Computer components in the endurance test
This strategy has worked: in 2020, the Leibniz Supercomputing Centre (LRZ) set up a test environment to explore the latest computer and IT technology, the "Bavarian Energy, Architecture, and Software Testbed", or BEAST for short. Since then, newest components such as processors, accelerators and storage solutions from a wide range of manufacturers have been put through their paces and have been evaluated not only by LRZ experts, but also in collaboration with research teams and students from Ludwig-Maximilians-Universität (LMU) and the Technical University of Munich (TUM). Both universities offer computer science students an internship in which they evaluate BEAST components and solve tasks with BEAST hardware. The test environment is regularly expanded, recently for example with hardware to support DAOS, a memory solution from Intel. This technology promises advantages especially for artificial intelligence (AI) applications. "Through the BEAST programme, the LRZ can validate manufacturers' statements," says Josef Weidendorfer, who holds a doctorate in computer science. In an interview and in a presentation during the supercomputing conference ISC2022 in Hamburg, the head of the LRZ's Future Computing programme explains how the data centre benefits from BEAST. In the meantime, BEAST's operating model is also making itself useful in research work on integrating quantum processors into HPC or in testing efficient hardware accelerators.
What has changed at BEAST recently, how has the test environment been expanded? Dr. Josef Weidendorfer: "In the last six months, for example, BEAST has been expanded to include systems from Intel, more precisely two nodes for evaluating the storage solution DAOS or Distributed Assynchronous Object Storage, which will soon be used in phase 2 of SuperMUC-NG. It is essentially based on the use of so-called Non-Volatile Random Access Memory or NVRAM. This is memory that can be used like regular main memory with fine-grained access, but holds the data even when no current is flowing and consequently requires little energy during operation. DAOS is supposed to improve access to data for AI applications and data analytics in particular. We are currently evaluating this. A 4-socket Intel Cooper Lake system has also arrived in BEAST. This is a relatively large computing node that delivers a lot of performance and whose processors support the floating-point format Brain Floating Point with 16 bits, which in turn can accelerate AI processes. We are currently using it to test which applications particularly benefit from this node size and functionality. Last but not least, two Ice Lake systems expand our test field, with which we evaluate the latest Intel Xeon CPUS. We are using one of these systems in the BEAST Lab as an incentive for students. Hopefully soon we will also have Graphics Processing Units and GPU from Nvidia and AMD available.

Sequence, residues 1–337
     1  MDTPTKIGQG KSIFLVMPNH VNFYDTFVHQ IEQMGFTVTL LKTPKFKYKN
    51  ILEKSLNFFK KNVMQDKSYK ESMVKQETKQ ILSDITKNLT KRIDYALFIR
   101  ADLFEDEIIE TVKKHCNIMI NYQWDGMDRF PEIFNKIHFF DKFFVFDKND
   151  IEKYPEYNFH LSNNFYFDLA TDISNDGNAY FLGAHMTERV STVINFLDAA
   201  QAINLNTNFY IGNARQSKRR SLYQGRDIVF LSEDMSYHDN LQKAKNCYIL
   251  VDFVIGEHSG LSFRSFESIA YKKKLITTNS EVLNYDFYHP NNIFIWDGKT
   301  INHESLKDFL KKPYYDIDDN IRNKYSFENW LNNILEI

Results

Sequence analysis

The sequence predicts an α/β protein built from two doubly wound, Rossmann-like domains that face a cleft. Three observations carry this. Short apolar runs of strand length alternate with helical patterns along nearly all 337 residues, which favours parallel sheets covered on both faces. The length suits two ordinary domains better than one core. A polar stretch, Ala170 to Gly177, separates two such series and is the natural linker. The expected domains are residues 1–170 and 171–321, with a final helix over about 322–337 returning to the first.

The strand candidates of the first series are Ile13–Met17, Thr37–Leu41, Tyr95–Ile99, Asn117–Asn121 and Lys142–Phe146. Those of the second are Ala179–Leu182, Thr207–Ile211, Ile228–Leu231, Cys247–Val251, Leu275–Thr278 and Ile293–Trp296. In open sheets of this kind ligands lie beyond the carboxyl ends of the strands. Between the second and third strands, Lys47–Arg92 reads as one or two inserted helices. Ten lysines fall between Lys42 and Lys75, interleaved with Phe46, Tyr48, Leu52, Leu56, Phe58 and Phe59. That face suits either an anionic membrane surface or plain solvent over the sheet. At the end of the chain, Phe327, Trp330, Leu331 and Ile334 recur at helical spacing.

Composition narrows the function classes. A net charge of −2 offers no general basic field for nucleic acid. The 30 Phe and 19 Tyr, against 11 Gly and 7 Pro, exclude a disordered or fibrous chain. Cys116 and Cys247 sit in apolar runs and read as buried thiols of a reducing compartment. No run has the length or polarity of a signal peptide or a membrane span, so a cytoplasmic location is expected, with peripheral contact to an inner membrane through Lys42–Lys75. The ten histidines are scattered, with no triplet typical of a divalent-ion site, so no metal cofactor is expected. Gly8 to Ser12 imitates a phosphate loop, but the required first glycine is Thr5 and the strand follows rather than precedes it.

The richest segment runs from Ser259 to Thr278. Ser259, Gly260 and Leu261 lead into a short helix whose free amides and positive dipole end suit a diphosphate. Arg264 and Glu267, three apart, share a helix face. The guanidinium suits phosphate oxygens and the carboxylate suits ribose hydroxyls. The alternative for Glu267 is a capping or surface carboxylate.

BEAST is not part of the LRZ's regular services, but students in Munich can get to know the latest technology within the BEAST Lab. Weidendorfer: Yes, part of the BEAST programme is an internship for students from LMU and TUM, the BEAST Lab. Here the LRZ works particularly closely with the universities so that the internship is recognised as part of their computer science degree. Students can count on intensive supervision. Through the BEAST Lab, the LRZ has been able to initiate a number of research projects on innovative computer technologies. Among other things, the practical course deals with GPU programming and code relocation with the help of the OpenMP interface and its Target Off-Loading function. In the course of the semester, the students developed a lot of code. This was not planned, but we can use it to put together a test suite for this programming model. In collaboration with Intel and in preparation for SuperMUC-NG Phase 2, we have already been able to use this to improve the quality and coverage of the OpenMP standard by the Intel compiler. Since the start of BEAST, we have organised four BEAST Labs, and currently more than 20 Master's students are participating. In total, around 30 Bachelor's and 40 Master's students completed the labs. This has resulted in two Bachelor's and one Master's thesis, and one graduate is continuing to work with BEAST for his doctorate.
How does BEAST support the work and planning on the HPC resources of the LRZ? Weidendorfer: Through the BEAST programme, the LRZ can validate the statements made by manufacturers themselves. For example, in preparation for phase 2 of SuperMUC-NG, we were able to use the DAOS test nodes to analyse new storage solutions and their advantages for AI processes. Of course, the experiences and findings with BEAST technologies also help in the design of successor systems.
The LRZ will integrate quantum processors into its HPC systems and also offers researchers support in AI methods - will BEAST also be experimented with for this? Weidendorfer: BEAST has become well established at the LRZ, so we are planning to evaluate systems in BEAST soon that are specifically intended for optimising AI applications. The "Quantum-Computing Integration Cluster" or QICC for short will also be operated as part of the BEAST environment in a few months, behind the BEAST gateway as an isolation layer. This is how we ensure that such research systems and work have no impact on the LRZ's service infrastructure.
Current technology in BEAST
- Systems based on x86-CPUs by Intel (Cascade Lake, CooperLake, IceLake) with NVRAM(Optane) as well as AMD (Rome) with MD GPUs (MI-100)
- Systems based on ARM-CPUs by Marvell (ThunderX2) with Nvidia-GPUs (V-100) and by Fujitsu (A64FX), coming in an HPE CS500-System
Dr. Josef Weidendorfer, head of Future Computing at LRZ